The engraving above me reads "ΜΟΛΩΝ ΛΑΒΕ." It's translation is what Leonidas replied when Xerxes told him that he'd spare the lives of the Spartan soldiers, if they'd just lay down their weapons: "Come and take them." Ugh, I love him so much!
The entire afternoon on the bus, actually, Matt and I had been taking turns reading the Tom Holland translation of Herodotus' The Histories to each other and the children, and cracking ourselves up over it, on account of Xerxes was INSANE. He goes to war because of a series of prophetic dreams, and is super mean to his advisors who gently try to suggest that maybe you shouldn't, you know, follow your dreams so literally. This rich guy tries to give Xerxes all of his accumulated wealth, on account of his slaves can just earn him more, and Xerxes is so touched that instead of taking the donation, he actually gives the rich man MORE money and tells him that they're best friends. But when the rich guy asks Xerxes if, since they're such good buddies, he could maybe have just one of his sons back from the war, maybe just the youngest one, Xerxes is all, "Sure, Buddy!" and then calls that kid over and murders him in front of everyone.

So we were all thrilled to see the site of the battle--

Yes, that's the place. The valley where we stood looking at it was underwater, part of the bay at this time, and that narrow pass under that sheer cliff above was the only place the Persians could get their army through.

--and its memorial:

I even got...well, one of the kids to fangirl along with me:

By the time we got back to Athens, we had just a few hours, really, before we had to be at the airport for our flights home. Matt and I walked around the city for as long as we could before we simply had to go back and pack and get a couple of hours of sleep, and then began the sleep-deprived fog of misery that was our trip home. The lines. The family in front of us who had every single thing on the planet in their carry-ons, and also every single small child imaginable, and who took the longest time that it is possible to take fussing with all of their stuff to try to get it onto the security conveyor. And then forgetting stuff and bumping into me and the children to go back and get it. And then shoving back in front of us when they'd collected whatever it was. And every single person on Swiss Air who kept their seat backs reclined the ENTIRE TIME that they were on the plane. If you're a seatback recliner, stop it, because I don't know if it's how short I am or what, but every seat back reclines directly into my face. Like, directly. I promise you that I measured it, and there was six entire inches between my face, sitting straight up, and the reclined seat back in front of me. I watched five movies (Sing, which was good, The Space Between Us, which was bad, Rogue One, which I found many problems in that I hadn't seen the first time I watched it, Gifted, which was good, La La Land, which was so horrible that I couldn't finish, and Mohenjo Daro, also too horrible to finish, even though I LOOOVE Hrithik Roshan) and ate three meals with the seat in front of me six inches from my face. Then we had to stand in line forever at Customs, and then repack all of our luggage into our own unbearable plethora of carry-ons because checking luggage on US flights costs money. And then check in again, and then go through Security AGAIN. And a security person shouted at Matt, and shamed him in front of the entire long line of people behind us, because he didn't have all of our boarding tickets fanned out properly in his hand when he approached her, the monster. And this was also a Security where we had to have our tablets separated from our backpacks but not our books, which is what they wanted the last time. But the kids could keep their shoes on, which they couldn't the last time. And Matt got patted down for a change instead of me, but they naked scanned Syd for the first time. And everyone who ever walked in front of us walked slowly. And all the babies on all the planes were miserable. And I don't know how I wrote down the wrong shuttle stop for our long-term parking, but I did, but at least we passed another couple on our slog across the parking lot who'd also been on our shuttle and had also apparently written down the wrong stop.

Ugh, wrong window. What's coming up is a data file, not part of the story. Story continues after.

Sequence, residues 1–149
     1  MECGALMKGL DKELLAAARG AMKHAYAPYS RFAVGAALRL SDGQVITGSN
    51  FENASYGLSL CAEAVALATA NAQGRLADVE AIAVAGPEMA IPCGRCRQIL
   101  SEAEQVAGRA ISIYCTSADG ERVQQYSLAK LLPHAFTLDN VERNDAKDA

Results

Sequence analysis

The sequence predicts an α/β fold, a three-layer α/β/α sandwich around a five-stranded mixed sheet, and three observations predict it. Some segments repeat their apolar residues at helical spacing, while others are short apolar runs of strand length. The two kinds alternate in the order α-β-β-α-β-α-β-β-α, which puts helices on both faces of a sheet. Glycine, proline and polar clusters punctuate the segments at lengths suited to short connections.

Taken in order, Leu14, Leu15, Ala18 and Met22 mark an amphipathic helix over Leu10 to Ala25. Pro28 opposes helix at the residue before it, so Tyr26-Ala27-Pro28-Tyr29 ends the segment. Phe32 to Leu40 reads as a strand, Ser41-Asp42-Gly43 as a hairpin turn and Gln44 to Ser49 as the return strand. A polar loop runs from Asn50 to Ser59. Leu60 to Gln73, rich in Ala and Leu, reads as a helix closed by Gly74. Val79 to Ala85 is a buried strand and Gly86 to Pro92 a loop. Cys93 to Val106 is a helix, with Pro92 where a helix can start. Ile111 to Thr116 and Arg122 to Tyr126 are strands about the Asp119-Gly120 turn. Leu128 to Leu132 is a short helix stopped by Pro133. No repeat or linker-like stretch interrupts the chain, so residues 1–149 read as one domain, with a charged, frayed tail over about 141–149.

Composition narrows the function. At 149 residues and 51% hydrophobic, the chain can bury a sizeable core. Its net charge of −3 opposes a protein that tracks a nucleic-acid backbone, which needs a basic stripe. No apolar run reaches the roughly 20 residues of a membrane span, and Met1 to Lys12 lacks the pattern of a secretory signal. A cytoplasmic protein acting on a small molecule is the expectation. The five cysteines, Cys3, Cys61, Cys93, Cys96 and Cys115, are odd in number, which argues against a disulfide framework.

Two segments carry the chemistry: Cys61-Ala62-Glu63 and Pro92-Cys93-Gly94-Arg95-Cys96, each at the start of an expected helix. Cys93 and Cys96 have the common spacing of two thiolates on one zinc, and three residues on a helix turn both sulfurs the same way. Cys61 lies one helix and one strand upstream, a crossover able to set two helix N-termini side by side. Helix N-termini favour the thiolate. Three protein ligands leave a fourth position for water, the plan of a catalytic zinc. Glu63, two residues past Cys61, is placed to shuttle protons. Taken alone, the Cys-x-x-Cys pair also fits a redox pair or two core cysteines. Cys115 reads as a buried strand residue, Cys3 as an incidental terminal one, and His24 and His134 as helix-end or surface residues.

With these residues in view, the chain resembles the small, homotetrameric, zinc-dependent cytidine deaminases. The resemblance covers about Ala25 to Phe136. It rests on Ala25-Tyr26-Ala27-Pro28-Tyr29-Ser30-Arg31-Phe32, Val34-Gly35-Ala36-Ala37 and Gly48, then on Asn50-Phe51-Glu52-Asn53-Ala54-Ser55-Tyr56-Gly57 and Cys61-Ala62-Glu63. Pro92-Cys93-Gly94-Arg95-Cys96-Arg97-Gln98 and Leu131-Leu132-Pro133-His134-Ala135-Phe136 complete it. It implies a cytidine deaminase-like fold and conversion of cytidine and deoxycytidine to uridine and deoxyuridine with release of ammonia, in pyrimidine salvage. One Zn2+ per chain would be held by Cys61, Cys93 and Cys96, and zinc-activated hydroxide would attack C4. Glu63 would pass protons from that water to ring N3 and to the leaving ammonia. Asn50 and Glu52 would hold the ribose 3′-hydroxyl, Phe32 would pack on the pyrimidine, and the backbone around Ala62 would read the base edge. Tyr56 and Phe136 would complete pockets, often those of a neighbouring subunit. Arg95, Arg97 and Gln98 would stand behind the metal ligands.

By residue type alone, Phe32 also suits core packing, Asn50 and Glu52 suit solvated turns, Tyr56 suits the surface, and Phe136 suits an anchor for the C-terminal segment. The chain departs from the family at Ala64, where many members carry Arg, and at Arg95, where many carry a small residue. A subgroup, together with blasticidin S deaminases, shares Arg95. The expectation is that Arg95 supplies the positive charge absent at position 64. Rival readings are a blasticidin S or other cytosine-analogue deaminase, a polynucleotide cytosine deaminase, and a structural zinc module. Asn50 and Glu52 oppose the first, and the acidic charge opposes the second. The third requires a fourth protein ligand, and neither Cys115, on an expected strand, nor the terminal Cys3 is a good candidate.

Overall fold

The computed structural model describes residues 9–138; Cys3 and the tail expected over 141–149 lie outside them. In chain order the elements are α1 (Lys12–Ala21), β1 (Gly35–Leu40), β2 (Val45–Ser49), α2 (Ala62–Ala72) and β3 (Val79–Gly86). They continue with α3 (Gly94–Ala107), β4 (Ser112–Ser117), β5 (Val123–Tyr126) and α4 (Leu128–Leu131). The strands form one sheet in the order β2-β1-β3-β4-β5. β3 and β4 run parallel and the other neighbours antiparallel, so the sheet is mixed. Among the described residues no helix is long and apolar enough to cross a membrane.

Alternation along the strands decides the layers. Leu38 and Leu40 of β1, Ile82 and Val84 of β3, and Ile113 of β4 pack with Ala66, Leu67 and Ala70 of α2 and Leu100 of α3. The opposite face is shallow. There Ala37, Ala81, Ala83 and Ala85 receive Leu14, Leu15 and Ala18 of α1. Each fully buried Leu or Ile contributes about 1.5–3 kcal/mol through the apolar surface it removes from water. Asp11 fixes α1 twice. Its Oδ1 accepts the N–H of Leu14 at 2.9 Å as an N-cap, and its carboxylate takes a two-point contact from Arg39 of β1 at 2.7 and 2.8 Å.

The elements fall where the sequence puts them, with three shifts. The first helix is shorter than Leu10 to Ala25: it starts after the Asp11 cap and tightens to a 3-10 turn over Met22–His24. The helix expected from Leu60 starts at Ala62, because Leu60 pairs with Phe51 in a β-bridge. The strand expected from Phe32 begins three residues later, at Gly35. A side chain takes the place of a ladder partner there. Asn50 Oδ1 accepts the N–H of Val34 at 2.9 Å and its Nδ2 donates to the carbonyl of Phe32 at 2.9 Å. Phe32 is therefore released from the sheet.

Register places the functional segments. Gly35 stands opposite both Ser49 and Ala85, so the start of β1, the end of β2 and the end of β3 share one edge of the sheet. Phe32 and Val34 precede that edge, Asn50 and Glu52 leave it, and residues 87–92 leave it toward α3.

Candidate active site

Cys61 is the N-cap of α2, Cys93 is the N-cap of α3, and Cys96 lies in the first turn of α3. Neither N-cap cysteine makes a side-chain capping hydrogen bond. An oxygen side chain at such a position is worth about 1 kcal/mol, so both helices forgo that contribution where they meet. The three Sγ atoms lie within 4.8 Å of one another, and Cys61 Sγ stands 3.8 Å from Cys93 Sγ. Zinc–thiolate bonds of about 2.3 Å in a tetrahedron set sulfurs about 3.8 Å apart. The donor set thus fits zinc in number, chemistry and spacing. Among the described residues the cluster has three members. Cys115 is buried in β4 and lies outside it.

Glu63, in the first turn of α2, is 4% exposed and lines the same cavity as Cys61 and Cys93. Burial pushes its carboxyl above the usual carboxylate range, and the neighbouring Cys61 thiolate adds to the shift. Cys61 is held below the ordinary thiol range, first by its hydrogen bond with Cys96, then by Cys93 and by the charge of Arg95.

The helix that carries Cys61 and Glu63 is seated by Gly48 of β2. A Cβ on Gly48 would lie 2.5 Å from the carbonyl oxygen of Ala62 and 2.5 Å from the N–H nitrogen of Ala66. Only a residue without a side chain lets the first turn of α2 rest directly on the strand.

But finally, FINALLY we were all back home, kicked back in our big bed, with the dog back from the dog sitter and a couple of pizzas liberated from our favorite restaurant, watching fireworks on TV. At least, that's what we were watching when I finally drifted off and didn't wake up, nor apparently so much as move a muscle, for the next 10 hours.